The Wanderer: Anglo-Saxon Poem - Summary

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      The Wanderer is an elegy of 115 lines. It is an Anglo-Saxon poem preserved in The Exeter Book. The structure is somewhat ambiguous, the poem may represent a monologue containing two reported speeches or, alternatively, speeches by different characters. The first speech says that the solitary wanderer often experiences the grace of God despite the hardships he endures. There follows a long personal account of exile leading the speaker to wonder that his suffering and the general state of decay of the world do not make him miserable. Finally, the voice of wisdom asserts that the world's wealth is transitory and faith in God is the only source of security.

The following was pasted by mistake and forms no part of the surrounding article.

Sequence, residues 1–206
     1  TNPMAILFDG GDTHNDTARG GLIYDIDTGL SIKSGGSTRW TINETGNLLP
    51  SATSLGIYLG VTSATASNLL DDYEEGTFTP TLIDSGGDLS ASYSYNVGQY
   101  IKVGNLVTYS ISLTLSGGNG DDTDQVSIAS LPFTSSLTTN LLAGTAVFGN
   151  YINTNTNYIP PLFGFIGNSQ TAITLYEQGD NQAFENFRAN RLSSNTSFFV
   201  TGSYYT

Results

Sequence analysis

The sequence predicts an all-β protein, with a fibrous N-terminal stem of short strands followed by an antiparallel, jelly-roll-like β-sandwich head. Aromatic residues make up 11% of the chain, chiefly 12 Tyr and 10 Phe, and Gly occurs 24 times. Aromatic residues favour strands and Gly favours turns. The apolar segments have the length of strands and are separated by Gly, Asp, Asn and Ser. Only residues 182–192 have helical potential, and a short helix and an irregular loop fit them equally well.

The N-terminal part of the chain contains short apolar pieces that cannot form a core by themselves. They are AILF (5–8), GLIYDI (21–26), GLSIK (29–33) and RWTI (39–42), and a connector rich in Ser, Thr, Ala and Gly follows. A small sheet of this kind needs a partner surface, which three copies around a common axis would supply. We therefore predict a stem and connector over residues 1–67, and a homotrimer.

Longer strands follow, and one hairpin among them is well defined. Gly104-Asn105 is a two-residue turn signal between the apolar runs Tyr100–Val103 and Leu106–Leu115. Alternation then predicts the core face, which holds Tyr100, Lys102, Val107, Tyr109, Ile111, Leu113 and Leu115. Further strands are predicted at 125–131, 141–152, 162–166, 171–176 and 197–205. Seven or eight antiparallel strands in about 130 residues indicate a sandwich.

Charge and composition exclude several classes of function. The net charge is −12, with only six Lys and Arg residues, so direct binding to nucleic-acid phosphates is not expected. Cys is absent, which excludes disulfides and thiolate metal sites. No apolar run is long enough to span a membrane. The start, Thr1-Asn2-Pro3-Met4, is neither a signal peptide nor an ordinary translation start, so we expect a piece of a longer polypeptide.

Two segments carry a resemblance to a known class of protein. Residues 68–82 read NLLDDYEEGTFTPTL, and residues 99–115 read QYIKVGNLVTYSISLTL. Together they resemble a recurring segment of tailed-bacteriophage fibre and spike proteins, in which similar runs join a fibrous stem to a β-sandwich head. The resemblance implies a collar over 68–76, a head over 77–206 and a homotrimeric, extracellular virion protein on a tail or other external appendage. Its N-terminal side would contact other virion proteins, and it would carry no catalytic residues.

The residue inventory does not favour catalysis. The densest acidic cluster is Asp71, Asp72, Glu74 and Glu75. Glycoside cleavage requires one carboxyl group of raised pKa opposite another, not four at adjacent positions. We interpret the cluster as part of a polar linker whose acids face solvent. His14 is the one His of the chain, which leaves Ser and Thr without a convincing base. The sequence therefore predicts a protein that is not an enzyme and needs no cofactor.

The Wanderer

      The poem Wanderer is the lament of a man who has lost his lord, and now journeys, alone and friendless in search of a new lord. In sleep, he dreams the days of his former happiness, but awaking, he finds nothing but grey waves and falling snow which adds to his distress. Then he passes on to reflect that the vicissitudes of fortune befall even the lords, and that misery is the common lot of man. The Wanderer attains the height of great lyrical poetry which expresses not only what is personal, but what is universal. The poem ends with a conventional Christian sentiment that good is the man who does not lose his faith in God, the Father who protects us all.

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